By Doug Mattson -- The Santa Fe New Mexican
SANTA FE, N.M. (MCT) - For Benny Shendo Jr., the idea of working in Washington, D.C., didn't really hit him until he worked for another man who was trying to return there.
In Gov. Bill Richardson's cabinet as secretary of the Indian Affairs Department, Shendo said, he saw how Richardson put politics to effective use.
''I've always had an interest in politics and in helping the disadvantaged,'' he said, ''and I've always seen education as the key; but I think I began to see how much an individual could make a difference.'' Shendo, who stepped down as secretary this past December, formally announced in December at his home in Jemez Pueblo that he's running for Congress.
Shendo, 43, is part of a growing Democratic field seeking to represent northern New Mexico's 3rd Congressional District. Five-term U.S. Rep. Tom Udall, a Democrat, is stepping down to run for the U.S. Senate, and all New Mexico's House seats are in play because of the planned retirement of longtime U.S. Sen. Pete Domenici, a Republican.
''Opportunities come up, and you just have to be prepared,'' Shendo said during a phone interview as he headed to Laguna Pueblo. He said he has been visiting with American Indian leaders to both say farewell as a cabinet secretary and talk about his congressional race.
Shendo's roughly 20 years in education have prepared him for this moment, he said. He has held administrative jobs at Stanford University and the University of New Mexico. At Jemez Pueblo, he co-founded the first charter school on an Indian reservation in the state.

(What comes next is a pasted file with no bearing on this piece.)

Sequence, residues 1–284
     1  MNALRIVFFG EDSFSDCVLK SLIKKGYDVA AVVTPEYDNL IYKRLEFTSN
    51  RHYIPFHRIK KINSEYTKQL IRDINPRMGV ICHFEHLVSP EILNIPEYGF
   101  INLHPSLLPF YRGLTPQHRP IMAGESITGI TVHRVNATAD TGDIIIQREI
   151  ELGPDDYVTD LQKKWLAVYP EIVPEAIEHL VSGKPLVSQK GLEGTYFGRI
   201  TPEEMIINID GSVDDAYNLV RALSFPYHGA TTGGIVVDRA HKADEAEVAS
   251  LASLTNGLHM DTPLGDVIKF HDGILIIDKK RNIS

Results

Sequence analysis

Shendo is also one of five living New Mexicans to have been a W.K. Kellogg National Leadership Program fellow, he said, adding proudly that the group includes novelist Rudolfo Anaya.
''Education has opened doors for me,'' said Shendo, whose mother, Mary Margaret, is a teacher.
He is one of two American Indian candidates to announce for the post. Derrith Watchman-Moore, a Navajo and state Environment Department policy adviser, made a formal announcement in December at Zia Pueblo.
Congress has just one member who's enrolled in an American Indian tribe, Rep. Tom Cole, R-Okla. No Indian has ever represented the 3rd Congressional District, which is about 19 percent Indian.
''I think that's a factor,'' Shendo said. ''If we really are a democracy that represents all of the American people, where is that Native American voice?
''But at the same time, I think people have to understand that as a leader, you have to transcend cultures; you have to transcend borders. I might be new to politics, but I'm not new to getting things done with all different people.''
Besides education, Shendo said, environmental protection and developing renewable energy are his top concerns.
The Indian Affairs Department was created in 2004, and Shendo became the first secretary confirmed by the state Senate after an interim secretary served briefly. He said he has helped build relations between the state and the 22 tribes in New Mexico.
Pojoaque Pueblo Gov. George Rivera credited him with helping start an infrastructure-funding program - which has received $13 million over three years for water, sewer and other projects - and for giving tribes better access to state government. He said he also liked a speech Shendo made in Washington at the dedication of the statue of Pueblo Revolt leader Pope' in the National Statuary Hall.
''I think Benny's a very intelligent person,'' Rivera said. ''The work that he did under Governor Richardson as secretary is exemplary and my experience with him has been very good.''
Rivera said his pueblo is a long way from deciding who to endorse. He said he's good friends with Public Regulation Commission Chairman Ben Ray Lujan and has worked well with Santa Fe County Commissioner Harry Montoya.
''We'll have to see how they fare in the next couple of months,'' Rivera said. ''We're certainly glad that there are so many good candidates.''
Copyright (c) 2007, the Santa Fe New Mexican. Distributed by McClatchy-Tribune Information Services.